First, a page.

So far this year, a total of 11,094 tonnes of collected waste portable batteries have been reported, which represents 69% progress against the UK collection target.
Despite the impact of Covid-19 on collections, for 2020 the requirement for battery schemes to comply with their obligations remains the same as in previous years. After the publication of Q3 data, the latest indicative UK collection target for 2020 is 16,088 tonnes.
Since 2016 the UK collection target has been set at 45% of the average volume of portable batteries placed on the UK market by producers in the last three years, including the current year. The target for 2020 is therefore based on the average reported in 2018, 2019 and 2020.
The Environment Agency released data for Quarter 3 of 2020 reveals that 4,839 tonnes were collected during this period (July to September), bringing the total collections for the first three quarters of 2020 to 69%.
Unlike WEEE, the last quarter of the calendar year is traditionally the best performing period for batteries collections. As things stand, compliance schemes would need to report at least 4,994 tonnes of waste portable batteries in Quarter 4 to meet the 2020 target. This is not expected to be a problem however, as in Q4 2019 5,902 tonnes were reported - 33% of the total waste portable batteries volume reported that year. So the industry is reasonably confident that the collection target will be achieved.
Notable distortion in collections
Q3 2020 was a strong quarter with a total volume of 10,015 tonnes of portal batteries placed on the market, 3% higher than Q3 2019.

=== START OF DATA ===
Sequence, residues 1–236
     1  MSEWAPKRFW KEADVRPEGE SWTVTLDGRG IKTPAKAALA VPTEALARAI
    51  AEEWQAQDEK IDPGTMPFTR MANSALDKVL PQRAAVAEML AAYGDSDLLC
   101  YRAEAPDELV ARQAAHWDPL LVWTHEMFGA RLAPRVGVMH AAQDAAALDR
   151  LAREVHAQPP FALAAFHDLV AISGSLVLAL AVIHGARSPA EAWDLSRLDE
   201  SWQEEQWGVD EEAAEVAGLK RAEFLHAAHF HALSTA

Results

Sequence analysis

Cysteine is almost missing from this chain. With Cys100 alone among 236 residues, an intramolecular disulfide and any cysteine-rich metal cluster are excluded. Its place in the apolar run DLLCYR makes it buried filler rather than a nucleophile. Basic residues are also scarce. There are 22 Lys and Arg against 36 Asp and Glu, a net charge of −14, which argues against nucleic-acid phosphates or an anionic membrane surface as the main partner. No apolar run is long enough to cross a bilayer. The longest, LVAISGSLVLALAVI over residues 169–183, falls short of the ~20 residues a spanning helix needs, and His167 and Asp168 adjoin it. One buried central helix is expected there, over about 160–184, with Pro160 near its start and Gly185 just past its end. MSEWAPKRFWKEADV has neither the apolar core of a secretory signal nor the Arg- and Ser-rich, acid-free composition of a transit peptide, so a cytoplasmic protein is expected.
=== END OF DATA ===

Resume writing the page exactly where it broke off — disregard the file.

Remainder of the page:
The most remarkable information in the Quarter 3 data is probably the considerable volume of portable lead acid collected in this period. At 3,537 tonnes, this constitutes the biggest quarter for the collection of portable lead acid since the start of the regulations.
As with previous quarterly figures, there is a notable distortion in the volume of waste portable lead acid batteries collected compared with the volume of new portable lead acid batteries placed on the market.
For example, in Q3 2020 only 366 tonnes of lead acid batteries were reported as placed on the market compared with a collection volume of 3,537 tonnes. If we look at the chemistry breakdown of collected portable batteries in the first three quarters of 2020, lead acid batteries accounted for 72% of that volume but accounted for only around 4% of the volume of portable batteries placed of the market.
Waste batteries regulatory review
The consultation on UK battery legislation is anticipated for the last quarter of 2021 and Defra is expected to address the lead acid anomaly in the consultation.
Perhaps more importantly, on 10 December the European commission proposed new batteries legislation which includes an ambitious increase in collection targets, raising the current 45% collection rate for portable batteries to 65% in 2025 and 70% in 2030. The UK will need to decide if it is to follow this lead.
Head of policy Robbie Staniforth commented “Clearly it has been a strange and difficult year for batteries compliance. The way we use and dispose of batteries has altered significantly, with much of the population working from home. While it looks likely that the target will be met this year, a long term vision for battery consumption is clearly lacking."
"The EU are moving ahead with their challenging proposals. Next year will be a good test of the Government’s approach to the new relationship with our European neighbours. It will be interesting to see if we match or go beyond the EU’s proposals.”
Free battery collections
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